Earthquake: About Got Damm Time

By | October 17, 2005 at 1:01 pm | No comments | Reviews

earthquake200.jpgIf well-paced and finely crafted jokes are what you look for in a stand-up comedian, then Earthquake is not for you. But if you’re into the bottom line, then Earthquake will do just fine.

In About Got Damm Time , the former Nathaniel Stroman, armed with an unstoppable energy, whips a jam-packed crowd into frenzy after frenzy. Though the way he gets the crowd to that point is sometimes distracting, what with his sometimes messy delivery and his punctuating what seems like every other sentence with “bitch,” “motherfucker” or “nigga.”

At his core, Earthquake is raw and unapologetic, and unlike many of his stand-up counterparts, he’s not concerned with segues or flow; he just wants to talk, charge around on stage and make people hyperventilate — which he does.

While he hits on the expected topics — race, relationships and war — he manages to do so with a dash of his own flavor. Talking about the war in Iraq and the country’s terrorists, he wonder, “Where’s the Klan at when you need them? Why aren’t they hanging some of these motherfuckers?”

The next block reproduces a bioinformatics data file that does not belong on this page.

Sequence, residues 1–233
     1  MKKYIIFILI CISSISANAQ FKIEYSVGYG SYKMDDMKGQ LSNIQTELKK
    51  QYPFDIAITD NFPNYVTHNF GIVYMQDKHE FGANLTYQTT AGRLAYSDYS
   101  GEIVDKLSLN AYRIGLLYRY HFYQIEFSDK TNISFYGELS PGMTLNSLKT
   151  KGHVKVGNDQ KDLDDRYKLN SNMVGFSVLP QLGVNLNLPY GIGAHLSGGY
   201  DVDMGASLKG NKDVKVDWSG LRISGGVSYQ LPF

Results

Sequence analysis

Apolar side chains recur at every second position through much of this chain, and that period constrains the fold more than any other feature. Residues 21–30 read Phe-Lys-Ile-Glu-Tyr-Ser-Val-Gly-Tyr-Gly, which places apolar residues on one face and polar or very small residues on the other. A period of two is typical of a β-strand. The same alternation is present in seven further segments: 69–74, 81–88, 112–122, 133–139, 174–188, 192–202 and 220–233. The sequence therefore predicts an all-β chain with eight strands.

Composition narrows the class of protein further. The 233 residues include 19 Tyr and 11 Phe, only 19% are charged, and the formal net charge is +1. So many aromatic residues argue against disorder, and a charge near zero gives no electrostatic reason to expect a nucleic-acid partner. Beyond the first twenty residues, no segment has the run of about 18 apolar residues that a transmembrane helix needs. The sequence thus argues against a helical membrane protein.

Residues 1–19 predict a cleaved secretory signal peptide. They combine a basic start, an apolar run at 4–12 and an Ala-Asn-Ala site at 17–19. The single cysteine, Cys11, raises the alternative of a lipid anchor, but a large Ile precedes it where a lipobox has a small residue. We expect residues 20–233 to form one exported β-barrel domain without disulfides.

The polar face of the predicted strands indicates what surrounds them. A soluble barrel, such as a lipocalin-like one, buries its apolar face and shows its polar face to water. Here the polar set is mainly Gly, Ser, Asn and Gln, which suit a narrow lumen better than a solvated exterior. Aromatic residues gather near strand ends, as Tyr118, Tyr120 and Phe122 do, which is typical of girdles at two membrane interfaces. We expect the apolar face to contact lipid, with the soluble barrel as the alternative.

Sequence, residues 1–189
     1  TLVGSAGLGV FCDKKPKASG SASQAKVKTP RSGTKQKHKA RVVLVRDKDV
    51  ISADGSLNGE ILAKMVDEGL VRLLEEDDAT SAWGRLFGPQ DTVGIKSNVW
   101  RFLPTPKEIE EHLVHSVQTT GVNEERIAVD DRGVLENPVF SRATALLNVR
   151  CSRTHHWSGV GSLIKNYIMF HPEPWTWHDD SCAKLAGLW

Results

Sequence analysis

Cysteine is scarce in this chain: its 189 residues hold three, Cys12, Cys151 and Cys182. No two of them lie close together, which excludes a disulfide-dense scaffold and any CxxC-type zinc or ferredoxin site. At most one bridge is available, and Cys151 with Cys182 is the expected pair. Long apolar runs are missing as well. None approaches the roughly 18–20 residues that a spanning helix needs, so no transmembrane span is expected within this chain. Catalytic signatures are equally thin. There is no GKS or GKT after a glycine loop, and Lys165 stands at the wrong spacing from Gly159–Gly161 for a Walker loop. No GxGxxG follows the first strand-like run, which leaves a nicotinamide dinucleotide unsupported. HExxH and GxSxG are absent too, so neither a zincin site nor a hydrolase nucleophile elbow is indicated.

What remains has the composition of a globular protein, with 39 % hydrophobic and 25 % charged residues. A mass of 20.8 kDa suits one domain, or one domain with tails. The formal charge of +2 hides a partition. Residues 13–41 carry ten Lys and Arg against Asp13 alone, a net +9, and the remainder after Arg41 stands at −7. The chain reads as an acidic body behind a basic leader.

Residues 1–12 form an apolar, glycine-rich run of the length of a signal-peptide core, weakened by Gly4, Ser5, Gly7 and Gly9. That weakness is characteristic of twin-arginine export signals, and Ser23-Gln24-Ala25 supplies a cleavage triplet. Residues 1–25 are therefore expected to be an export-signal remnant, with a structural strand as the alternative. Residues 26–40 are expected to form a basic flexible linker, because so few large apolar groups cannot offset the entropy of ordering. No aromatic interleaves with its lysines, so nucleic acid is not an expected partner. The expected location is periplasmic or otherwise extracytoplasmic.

He pokes fun at black people: “Ain’t no way no black family was on no boat for 40 days and 40 nights and didn’t eat them two chickens. I don’t know no nigga who can take that kind of pressure.” And he lets the raucous crowd know what type of ladies he’s into: “I like black women — slave black. I like my bitch so black she just lay in the bed and look like a hole in the sheets.”

The DVD’s bonus features include footage of Earthquake and friends hanging out at his Gulfport, Mississippi, hotel room before the show, where the D.C. native shows off his leather “gators,” and his dinner, a massive plate of ribs. He even takes us inside the limo on the way to the show.

In the end, Earthquake is honest about what he does: The man spent 11 years in the Air Force loading bombs into planes. Without mentioning his former career, he tells us how he got started in comedy. “I just started talking shit like this and it paid.”

About the Author

Dylan P. Gadino

Dylan is the founder and editor in chief of Laughspin. He launched Punchline Magazine in 2005 (which became Laughspin in the summer of 2011) with childhood friend Bill Bergmann. Dylan lives in northern New Jersey with his wife and two sons. He hopes the Shire is real.

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